The Republican proposal to replace the Affordable Care Act would strip away what advocates say is essential coverage for drug addiction treatment as the number of people dying from opiate overdoses is skyrocketing nationwide. Beginning in 2020, the plan would eliminate an Affordable Care Act requirement that Medicaid cover basic mental-health and addiction services in states that expanded it, allowing them to decide whether to include those benefits in Medicaid plans.
A new Brookings analysis predicts that Republicans’ health proposal would erase about two-thirds of the coverage gains of the Affordable Care Act ahead of the Congressional Budget Office score to be released next week.
According to Brookings, which extrapolates from previous CBO scores, the budget office will conclude that Republican plans to repeal the individual mandate would reduce coverage by 15 million and their proposed changes to the Medicaid program would lead to “significant” coverage losses, likely several million.
This week, Republicans in the U.S. House of Representatives introduced “The American Health Care Act” (AHCA), a bill aimed at repealing and replacing certain provisions of the Affordable Care Act (ACA).
Data from the 2016 Commonwealth Fund Biennial Health Insurance Survey indicate that if such a policy had been in effect in 2016, an estimated 30 million working-age adults would have faced a premium surcharge had they tried to buy coverage in the individual or small-group markets.
Of particular concern is how a proposed restructuring of Medicaid could affect Americans with autism and the people who care for them. Medicaid is the largest health care payer for patients being treated for autism and other developmental disorders and could face an overhaul under proposals currently being debated in Congress. In 2013, Medicaid served approximately 250,000 children with autism. Since 2014 states have been able to opt into expanded Medicaid coverage, which has allowed people with incomes below 138 percent of the poverty line to enroll in the program.”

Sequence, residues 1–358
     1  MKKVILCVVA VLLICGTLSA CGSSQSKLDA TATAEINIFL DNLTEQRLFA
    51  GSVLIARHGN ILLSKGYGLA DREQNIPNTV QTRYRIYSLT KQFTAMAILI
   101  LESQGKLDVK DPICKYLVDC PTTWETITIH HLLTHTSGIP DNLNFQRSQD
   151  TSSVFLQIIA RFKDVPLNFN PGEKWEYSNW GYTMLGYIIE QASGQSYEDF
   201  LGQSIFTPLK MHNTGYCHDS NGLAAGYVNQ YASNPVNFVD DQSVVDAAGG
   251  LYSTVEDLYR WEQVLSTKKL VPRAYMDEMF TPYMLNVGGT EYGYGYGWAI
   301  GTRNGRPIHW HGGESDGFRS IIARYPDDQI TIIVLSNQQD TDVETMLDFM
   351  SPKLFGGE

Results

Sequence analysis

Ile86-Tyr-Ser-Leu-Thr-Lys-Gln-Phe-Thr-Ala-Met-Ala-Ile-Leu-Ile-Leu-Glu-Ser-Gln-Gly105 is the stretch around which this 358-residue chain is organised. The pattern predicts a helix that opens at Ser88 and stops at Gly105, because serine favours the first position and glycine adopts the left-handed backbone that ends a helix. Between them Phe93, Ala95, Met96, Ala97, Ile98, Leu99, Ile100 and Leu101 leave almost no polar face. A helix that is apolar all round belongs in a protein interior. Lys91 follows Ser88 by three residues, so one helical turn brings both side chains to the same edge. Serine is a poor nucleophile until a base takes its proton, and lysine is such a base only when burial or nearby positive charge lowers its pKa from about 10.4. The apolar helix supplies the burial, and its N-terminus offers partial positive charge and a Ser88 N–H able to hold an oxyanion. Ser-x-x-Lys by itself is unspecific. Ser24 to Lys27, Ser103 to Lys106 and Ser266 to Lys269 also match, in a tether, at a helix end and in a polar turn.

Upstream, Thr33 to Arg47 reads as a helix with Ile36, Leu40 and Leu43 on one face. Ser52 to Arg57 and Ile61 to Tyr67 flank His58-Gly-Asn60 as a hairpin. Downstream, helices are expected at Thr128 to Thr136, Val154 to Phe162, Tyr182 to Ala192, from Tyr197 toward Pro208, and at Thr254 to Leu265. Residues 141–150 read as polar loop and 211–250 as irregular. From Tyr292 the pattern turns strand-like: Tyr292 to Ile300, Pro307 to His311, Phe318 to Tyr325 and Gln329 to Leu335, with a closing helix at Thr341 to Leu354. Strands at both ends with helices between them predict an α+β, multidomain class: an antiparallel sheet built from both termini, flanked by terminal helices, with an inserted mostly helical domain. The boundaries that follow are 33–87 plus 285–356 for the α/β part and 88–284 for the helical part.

Press Democrat Op-Ed: GOP health plan fails its basic test: Do no harm
…Any such proposal should be judged by its effect on the 20 million Americans who gained coverage under the Affordable Care Act. By that standard, the legislation unveiled this week by Speaker Paul Ryan and quickly pushed through two House committees is a dismal failure.
Among other things, the Republican plan would replace premium subsidies for people buying policies on insurance exchanges with tax credits based on age, with older people getting the greatest benefits. However, insurers would be allowed to charge older policyholders five times as much as younger policyholders. And tax credits would be denied for anyone whose insurance policy covers abortion, eliminating virtually all plans offered in California.
Richmond Times Dispatch Editorial: The Republican faceplant on Obamacare:
The House proposal is being derided as “Obamacare lite.” Liberals don’t like it because it undermines the current system, and conservatives don’t like it because it leaves too much of the current system in place. One possible solution would involve scrapping the proposal and starting fresh. But congressional Republicans already have had seven years to come up with a better idea. This might be the best they can do.
Missourian Editorial: By any name, the Republican health care plan is a mess:
There are so many things wrong with this plan that it’s hard to know where to begin.
This is the opposite of responsible governance. This bill is a slapdash measure designed to fulfill the GOP’s “repeal-and-replace” promise. If it passes — and that’s far from certain given hostility on the right and left — Republicans will regret it.
Speaker Ryan: no amount of explaining or deceiving PowerPoint presentations can justify the disgraceful damage Republicans’ #PayMoreForLess bill will do to millions of vulnerable Americans. This is not an ‘act of mercy.’